Weekly Magazine


Daniel_Stewart_Santa_Cruz_asideDANIEL STEWART ANNOUNCED the Santa Cruz Symphony’s 2017-18 season, during last weekend’s concerts in Santa Cruz and Watsonville. FIRST program: Holst’s The Planets, Vivaldi’s Four Seasons, featuring concertmaster Nigel Armstrong. SECOND: John Adams’ The Chairman Dances, Bernstein’s Symphonic Dances from West Side Story (just heard that in Carmel) and Beethoven Symphony 7 (heard last year in Carmel). THIRD: Wagner’s Meistersinger Prelude, Richard Strauss’ Four Last Songs and Rimsky-Korsakov’s Scheherazade (just heard that in Carmel). FOURTH: Mozart Marriage of Figaro overture, Lou Harrison’s Marriage at the Eiffel Tower, a doublebass concerto by Giovanni Bottesini featuring the 2016 Klein String Competition winner and Mozart’s Sinfonia Concertante, K364 (heard that in January in Carmel). FIFTH: Mahler’s Symphony No. 2 “Resurrection.” Plus a STUNNING SURPRISE in June which will be announced officially tomorrow.


47TH NEXT GENERATION JAZZ FESTIVAL starts Friday, 7pm, at the Golden State Theatre, and continues Saturday and Sunday, starting 9am, at various downtown Monterey venues. ESPRESSIVO ORCHESTRA plays Charles Ives’ Unanswered Question, Ned Rorem’s Eleven Studies for Eleven Players and the original chamber orchestra version of Aaron Copland’s Appalachian Spring, in Santa Cruz. SANTA CRUZ CHAMBER PLAYERS survey vocal and instrumental works by French composers, music by Enriquez Valderrabano and a world premiere by Chris Pratorius-Gomez, in Aptos. SIX CURRENT STAGE PRODUCTIONS continue on both sides of the bay, plus an opening on Sunday of Paul Rudnik’s I HATE HAMLET. Click our CALENDAR for links these and other events of the week.


HOST LEE DURLEY has sent around a notice that the popular jazz jam held every last Sunday afternoon at Embassy Suites in Seaside is on hold. He explains that the Cypress Lounge is included in a major renovation that may, or may not, result in its future use as the venue for the jazz jam. Just in case, he is evaluating alternatives.


PLEADS TO SAVE NEA FUNDING in a Washington Post op-ed. Click HERE


IT’S ABOUT PEOPLE who don’t get music at all. Click HERE


NoiseJULIAN BARNES’ recent novel, The Noise of Time, works up three events that pivot off Solomon Volkov’s “Testimony,” a collection of interviews with the great composer that, from when it first appeared in 1979—long before the collapse of the Soviet Union—inspired great controversy. In Volkov, Shostakovich talks at length about his fear of being ‘disappeared,’ of being set up by Stalin as a stooge, yet is often very petty in his comments about colleagues. (The terrible legacy of Josef Stalin’s ‘reign of terror’ still prevailed; indeed, it seems to still.) The three chapters that make up Barnes’ book are titled “On the Landing,” “On the Plane” and “In the Car.” The first portrays Shostakovich spending his nights next to the elevator in his apartment building, suitcase packed, waiting for the men he expected on any night to take him away. (He didn’t want those men to frighten his children.) The second deals with the composer’s trip to New York as a representative of Soviet ‘values’ in opposition to those of bourgeois America. (He hated it, and himself for the things he said in public.) The third describes the composer’s induction into membership in the Communist PaTestimony_(book)rty. (Instead of speaking truth to power, he became so paranoid that he repeatedly violated his own conscience.) Yet Barnes never acknowledges Volkov’s book, notwithstanding so many of the stories, names and situations that he freely paraphrases. (I met Shostakovich’s son, conductor Maxim in 1981 in San Luis Obispo, and all he would admit to me then was that Volkov’s account “was a book about my father.”) But the Volkov continued to add both detractors and believers, among the latter such well-known Russian musical artists as Mstislav Rostropovich, Rudolf Barshai, Kirill Kondrashin, Gidon Kremer, Emil Gilels and Sviatoslav Richter. Maxim Shostakovich, who originally rejected it, has joined them, and his sister Galina, in supporting Volkov’s portrait of their father. What comes from both books is the image of a musical genius who could never manage to square his personality with his fame, at great personal cost.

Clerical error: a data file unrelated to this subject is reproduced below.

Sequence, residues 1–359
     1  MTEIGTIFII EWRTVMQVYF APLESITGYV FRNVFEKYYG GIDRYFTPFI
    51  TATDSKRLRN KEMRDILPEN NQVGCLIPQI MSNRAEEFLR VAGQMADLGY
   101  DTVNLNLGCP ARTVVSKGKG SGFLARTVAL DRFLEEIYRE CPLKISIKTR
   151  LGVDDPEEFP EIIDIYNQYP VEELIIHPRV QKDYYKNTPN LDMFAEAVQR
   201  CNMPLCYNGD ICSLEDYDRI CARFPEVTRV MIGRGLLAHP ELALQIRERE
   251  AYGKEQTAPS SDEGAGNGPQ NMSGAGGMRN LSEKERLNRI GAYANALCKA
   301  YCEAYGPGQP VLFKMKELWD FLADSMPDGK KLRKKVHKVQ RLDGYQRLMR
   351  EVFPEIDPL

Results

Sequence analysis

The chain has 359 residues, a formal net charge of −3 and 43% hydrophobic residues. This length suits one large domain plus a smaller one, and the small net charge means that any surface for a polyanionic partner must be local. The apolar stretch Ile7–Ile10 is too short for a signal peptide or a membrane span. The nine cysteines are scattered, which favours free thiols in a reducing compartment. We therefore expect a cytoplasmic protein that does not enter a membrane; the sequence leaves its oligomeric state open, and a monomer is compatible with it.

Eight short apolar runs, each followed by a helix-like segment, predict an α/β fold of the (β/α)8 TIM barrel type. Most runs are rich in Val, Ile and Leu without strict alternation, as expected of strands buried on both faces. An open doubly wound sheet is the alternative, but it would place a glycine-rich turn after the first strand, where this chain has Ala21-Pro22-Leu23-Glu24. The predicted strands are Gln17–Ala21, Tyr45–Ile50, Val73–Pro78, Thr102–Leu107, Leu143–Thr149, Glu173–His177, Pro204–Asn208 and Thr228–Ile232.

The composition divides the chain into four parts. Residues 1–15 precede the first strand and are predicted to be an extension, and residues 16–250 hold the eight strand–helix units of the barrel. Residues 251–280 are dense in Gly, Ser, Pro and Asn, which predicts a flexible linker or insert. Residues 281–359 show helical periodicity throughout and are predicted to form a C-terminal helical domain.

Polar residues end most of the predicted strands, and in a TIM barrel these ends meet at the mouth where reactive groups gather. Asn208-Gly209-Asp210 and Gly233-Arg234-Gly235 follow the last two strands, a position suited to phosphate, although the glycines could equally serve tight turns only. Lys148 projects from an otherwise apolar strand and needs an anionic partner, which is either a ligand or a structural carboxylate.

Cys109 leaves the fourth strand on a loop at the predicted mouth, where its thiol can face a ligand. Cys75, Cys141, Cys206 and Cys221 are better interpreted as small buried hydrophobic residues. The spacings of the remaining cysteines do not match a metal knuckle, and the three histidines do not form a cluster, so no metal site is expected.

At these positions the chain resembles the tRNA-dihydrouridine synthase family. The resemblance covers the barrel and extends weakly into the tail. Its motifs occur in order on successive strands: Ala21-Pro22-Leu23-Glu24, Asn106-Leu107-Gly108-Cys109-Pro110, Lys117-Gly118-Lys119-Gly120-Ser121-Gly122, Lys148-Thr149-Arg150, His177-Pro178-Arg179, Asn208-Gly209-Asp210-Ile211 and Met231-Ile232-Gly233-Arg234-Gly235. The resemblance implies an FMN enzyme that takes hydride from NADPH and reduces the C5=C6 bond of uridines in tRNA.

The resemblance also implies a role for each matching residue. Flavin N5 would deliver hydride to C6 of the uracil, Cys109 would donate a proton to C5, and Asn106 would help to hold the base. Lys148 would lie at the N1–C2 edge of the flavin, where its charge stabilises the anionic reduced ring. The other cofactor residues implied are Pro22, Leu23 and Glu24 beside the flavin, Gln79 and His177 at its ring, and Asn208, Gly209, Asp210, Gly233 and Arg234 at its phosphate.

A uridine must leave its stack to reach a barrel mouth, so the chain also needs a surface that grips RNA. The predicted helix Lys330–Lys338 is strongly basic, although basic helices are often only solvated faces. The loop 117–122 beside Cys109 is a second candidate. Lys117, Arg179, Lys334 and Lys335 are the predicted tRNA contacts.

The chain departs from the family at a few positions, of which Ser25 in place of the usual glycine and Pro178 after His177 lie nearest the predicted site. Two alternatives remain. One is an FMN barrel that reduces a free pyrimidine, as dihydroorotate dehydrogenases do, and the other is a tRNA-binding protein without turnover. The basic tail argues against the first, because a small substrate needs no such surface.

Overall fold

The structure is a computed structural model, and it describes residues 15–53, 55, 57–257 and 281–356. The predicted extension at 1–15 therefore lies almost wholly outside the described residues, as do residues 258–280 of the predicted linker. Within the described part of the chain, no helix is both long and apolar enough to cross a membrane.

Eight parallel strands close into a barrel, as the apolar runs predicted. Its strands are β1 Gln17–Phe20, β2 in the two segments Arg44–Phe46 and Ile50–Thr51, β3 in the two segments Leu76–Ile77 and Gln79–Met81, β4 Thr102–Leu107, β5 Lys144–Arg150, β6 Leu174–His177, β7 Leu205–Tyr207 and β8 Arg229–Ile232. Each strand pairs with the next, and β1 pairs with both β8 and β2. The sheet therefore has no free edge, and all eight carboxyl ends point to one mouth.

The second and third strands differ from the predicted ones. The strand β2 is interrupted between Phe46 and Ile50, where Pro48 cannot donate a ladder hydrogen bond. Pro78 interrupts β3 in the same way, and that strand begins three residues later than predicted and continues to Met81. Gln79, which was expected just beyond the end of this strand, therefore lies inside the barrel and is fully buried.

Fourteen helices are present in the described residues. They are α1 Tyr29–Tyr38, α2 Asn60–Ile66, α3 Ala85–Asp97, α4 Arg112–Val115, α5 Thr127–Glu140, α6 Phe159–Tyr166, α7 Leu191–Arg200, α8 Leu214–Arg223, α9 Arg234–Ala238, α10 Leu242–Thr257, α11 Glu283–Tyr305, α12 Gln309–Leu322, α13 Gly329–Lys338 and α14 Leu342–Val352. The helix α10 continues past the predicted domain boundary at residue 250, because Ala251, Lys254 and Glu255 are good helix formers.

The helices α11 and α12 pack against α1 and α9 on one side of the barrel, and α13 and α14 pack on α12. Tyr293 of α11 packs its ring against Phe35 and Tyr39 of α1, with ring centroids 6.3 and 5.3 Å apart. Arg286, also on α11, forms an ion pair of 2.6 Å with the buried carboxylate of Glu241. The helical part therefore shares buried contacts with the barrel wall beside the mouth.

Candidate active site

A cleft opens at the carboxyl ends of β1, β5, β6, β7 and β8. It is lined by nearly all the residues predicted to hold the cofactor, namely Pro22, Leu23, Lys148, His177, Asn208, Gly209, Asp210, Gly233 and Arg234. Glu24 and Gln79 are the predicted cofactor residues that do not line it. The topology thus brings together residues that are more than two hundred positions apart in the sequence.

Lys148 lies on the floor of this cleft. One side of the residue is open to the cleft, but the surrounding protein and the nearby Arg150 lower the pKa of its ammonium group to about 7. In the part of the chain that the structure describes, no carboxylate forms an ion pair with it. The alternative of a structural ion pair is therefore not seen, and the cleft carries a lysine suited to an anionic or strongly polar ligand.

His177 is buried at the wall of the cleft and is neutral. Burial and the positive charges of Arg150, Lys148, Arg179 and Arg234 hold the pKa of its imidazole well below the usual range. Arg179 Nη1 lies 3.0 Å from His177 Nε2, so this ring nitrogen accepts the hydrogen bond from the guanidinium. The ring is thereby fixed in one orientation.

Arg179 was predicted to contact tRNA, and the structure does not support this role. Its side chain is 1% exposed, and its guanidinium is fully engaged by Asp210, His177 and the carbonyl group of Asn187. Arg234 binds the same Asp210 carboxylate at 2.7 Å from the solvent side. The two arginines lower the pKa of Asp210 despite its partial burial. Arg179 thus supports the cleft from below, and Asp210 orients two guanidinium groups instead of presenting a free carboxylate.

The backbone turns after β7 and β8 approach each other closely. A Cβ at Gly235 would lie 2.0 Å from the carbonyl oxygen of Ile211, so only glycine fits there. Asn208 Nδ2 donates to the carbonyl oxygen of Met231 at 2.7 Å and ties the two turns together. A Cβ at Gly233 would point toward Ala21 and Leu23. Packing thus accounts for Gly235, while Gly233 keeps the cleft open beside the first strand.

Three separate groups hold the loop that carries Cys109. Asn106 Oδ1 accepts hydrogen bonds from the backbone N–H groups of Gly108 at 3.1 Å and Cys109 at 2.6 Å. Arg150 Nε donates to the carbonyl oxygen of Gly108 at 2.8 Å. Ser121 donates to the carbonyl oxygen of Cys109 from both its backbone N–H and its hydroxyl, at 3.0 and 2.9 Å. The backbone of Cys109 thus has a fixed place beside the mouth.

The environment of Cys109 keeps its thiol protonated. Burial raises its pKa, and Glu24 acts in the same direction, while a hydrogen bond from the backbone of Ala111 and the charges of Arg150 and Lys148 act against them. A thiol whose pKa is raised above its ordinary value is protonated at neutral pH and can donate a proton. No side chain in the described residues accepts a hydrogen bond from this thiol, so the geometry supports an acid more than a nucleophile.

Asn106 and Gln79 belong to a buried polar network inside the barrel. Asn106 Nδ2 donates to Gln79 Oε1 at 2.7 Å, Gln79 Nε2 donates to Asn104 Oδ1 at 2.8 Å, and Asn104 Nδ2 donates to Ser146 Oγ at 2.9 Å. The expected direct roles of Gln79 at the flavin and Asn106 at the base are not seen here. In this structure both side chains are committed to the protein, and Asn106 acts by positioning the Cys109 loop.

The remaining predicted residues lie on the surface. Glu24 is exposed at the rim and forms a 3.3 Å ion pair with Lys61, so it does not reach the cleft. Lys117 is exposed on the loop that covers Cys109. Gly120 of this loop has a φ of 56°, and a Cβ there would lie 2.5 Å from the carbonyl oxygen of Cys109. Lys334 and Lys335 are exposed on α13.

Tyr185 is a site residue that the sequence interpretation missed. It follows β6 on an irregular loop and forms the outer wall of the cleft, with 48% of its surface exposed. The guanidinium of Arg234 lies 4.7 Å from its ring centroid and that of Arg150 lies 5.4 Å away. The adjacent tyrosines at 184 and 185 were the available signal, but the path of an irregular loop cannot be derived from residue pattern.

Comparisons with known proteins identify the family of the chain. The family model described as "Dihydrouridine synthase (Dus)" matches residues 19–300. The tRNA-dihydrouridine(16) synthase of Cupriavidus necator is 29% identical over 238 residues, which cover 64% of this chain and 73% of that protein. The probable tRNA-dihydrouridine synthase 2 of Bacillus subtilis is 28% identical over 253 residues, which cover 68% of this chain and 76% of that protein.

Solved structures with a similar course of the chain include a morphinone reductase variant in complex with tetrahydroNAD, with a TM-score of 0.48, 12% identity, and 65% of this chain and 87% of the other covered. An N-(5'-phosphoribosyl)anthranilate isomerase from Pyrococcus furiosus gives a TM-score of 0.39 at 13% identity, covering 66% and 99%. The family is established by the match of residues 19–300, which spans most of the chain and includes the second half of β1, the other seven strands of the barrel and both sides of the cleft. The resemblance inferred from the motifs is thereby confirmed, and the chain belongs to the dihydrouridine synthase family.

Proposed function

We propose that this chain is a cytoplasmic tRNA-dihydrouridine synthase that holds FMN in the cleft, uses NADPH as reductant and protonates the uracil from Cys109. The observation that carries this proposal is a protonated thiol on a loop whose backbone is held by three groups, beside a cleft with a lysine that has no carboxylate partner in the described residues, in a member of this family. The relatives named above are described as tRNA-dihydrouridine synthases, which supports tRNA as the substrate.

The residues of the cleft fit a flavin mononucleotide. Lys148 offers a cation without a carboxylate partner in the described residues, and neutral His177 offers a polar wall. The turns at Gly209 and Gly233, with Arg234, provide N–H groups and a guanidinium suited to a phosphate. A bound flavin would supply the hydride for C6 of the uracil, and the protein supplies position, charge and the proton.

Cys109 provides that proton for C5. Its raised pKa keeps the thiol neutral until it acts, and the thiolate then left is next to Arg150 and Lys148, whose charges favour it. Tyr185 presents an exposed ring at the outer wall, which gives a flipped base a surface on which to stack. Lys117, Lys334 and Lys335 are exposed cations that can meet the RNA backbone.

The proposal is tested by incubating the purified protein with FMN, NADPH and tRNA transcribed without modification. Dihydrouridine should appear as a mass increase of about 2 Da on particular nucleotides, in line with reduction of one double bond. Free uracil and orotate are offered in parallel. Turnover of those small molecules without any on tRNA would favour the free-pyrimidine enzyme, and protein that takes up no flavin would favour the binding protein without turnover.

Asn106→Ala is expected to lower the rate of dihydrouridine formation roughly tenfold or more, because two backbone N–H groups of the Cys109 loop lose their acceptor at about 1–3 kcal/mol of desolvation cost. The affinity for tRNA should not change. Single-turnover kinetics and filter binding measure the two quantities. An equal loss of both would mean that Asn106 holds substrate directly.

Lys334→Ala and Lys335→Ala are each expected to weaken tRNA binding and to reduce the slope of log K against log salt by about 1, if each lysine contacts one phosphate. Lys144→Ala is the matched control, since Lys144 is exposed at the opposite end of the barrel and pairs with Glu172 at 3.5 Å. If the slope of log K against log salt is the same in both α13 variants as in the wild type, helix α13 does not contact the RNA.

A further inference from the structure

1966 FILM of composer Dmitri Shostakovich and his son, conductor Maxim Shostakovich, including such performing luminaries as Leonid Kogan, Sviatoslav Richter, Galina Vishnevskaya, Mstislav Rostropovich, Vladimir Nemirovich-Danchenko, Evgeny Mravinsky and more.








MIRACLE WORKER went from the New York Phil to the Los Angeles Phil, a step down, and now back to the NYP, another step down. Alex Ross ponders her magic touch. Click HERE


ANTOINE HUNTER, dancer, director, founder of the Bay Area Deaf International Dance Festival, feels his own beat.








SMUIN BALLET on March 25. Click HERE

YMM CONCERT at Hidden Valley, and SANTA CRUZ SYMPHONY in Watsonville. Click HERE 

Scott MacClelland, editor; Rebecca RC Brooks, associate editor